Failing to control immigration would betray the Brexit spirit

The National Housing Federation believes we need 90,000 new homes built per annum in south-east England. To put that into perspective, that’s five Chichesters each year, every year, for the indefinite future.

Growth in population is fuelling this requirement and this in turn is the consequence of mass immigration.

Unless within our children’s lifetimes we want to retain any of our once green and pleasant land, we must as a country be weaned off the easy habit of importing ever more people.

This crisis started with the Blair Labour government which allowed uncontrolled immigration as policy.

David Cameron and Theresa May once promised to tackle the problem but by then too many of their friends in the CBI had members for whom the never ending supply of cheap foreign labour was a significant part of their business plan.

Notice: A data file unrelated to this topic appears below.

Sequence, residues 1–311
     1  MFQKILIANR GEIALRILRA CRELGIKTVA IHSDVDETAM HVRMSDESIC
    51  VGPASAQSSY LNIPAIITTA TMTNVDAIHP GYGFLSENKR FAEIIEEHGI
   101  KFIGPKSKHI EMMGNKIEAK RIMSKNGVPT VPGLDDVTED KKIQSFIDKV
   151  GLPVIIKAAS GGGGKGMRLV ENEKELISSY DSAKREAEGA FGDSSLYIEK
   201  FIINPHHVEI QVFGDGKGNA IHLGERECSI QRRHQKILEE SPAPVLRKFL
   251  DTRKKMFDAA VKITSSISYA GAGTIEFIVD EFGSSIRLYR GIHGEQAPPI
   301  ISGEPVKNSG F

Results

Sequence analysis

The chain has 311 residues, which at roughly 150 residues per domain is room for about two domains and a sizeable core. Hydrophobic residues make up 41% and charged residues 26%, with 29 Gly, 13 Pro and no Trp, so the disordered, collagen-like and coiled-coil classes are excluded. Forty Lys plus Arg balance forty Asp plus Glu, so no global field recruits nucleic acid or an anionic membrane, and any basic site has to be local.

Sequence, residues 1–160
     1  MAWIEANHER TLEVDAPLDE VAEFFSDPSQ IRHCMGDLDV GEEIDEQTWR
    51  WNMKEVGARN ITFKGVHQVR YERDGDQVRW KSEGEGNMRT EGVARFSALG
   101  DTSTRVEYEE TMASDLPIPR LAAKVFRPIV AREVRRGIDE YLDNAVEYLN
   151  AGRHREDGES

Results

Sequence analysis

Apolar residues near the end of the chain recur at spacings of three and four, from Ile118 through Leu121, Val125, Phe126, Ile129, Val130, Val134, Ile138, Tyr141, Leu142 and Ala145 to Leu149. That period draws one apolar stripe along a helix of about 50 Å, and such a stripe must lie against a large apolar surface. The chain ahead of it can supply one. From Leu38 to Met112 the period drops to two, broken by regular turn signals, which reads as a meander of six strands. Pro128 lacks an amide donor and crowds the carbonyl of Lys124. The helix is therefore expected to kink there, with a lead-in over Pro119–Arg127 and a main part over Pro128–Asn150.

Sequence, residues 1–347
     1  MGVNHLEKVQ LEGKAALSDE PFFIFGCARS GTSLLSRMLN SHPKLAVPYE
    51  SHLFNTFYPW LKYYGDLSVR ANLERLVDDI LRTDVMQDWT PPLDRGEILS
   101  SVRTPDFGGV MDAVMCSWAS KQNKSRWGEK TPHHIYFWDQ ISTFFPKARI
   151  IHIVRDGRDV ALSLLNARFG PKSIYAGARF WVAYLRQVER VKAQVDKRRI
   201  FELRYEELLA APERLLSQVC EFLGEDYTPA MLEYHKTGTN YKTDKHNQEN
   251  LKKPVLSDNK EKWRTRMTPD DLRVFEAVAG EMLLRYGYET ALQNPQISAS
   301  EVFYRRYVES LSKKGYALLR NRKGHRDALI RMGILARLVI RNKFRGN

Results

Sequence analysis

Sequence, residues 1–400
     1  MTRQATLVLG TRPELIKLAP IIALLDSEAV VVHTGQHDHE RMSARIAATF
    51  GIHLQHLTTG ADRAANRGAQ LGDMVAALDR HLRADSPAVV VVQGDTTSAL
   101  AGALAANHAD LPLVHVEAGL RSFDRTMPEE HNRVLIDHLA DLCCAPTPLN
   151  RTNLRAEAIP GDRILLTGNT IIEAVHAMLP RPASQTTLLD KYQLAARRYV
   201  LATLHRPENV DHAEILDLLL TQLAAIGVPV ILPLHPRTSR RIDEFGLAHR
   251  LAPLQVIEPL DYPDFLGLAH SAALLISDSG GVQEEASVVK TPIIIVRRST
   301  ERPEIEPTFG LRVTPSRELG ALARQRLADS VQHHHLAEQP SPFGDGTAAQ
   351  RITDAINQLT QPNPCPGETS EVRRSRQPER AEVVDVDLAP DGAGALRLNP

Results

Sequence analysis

After all, this is a cheaper, easier option than investing in training and technology or increasing productivity.

So it is really disappointing to note that although and at last, numbers of newcomers from the EU are falling as we approach Brexit, the total is not declining and is being made up of numbers coming from the rest of the world.

Whatever individual motives there were for voting to leave the EU, control of immigration was a major factor.

To simply ignore this, as the government seems to be doing, is to betray much of the spirit of Brexit.

Whatever the outcome of the Chequers proposal, there must be no thought on the part of MPs to delay Brexit, cancel it or put the question back to us in the hope that our detestation of government by Brussels has subsided in the present chaos.

The very next priority of any UK government after our departure must be to get a grip on immigration once and for all.

Simon Howbeck, Tarrant Street, Arundel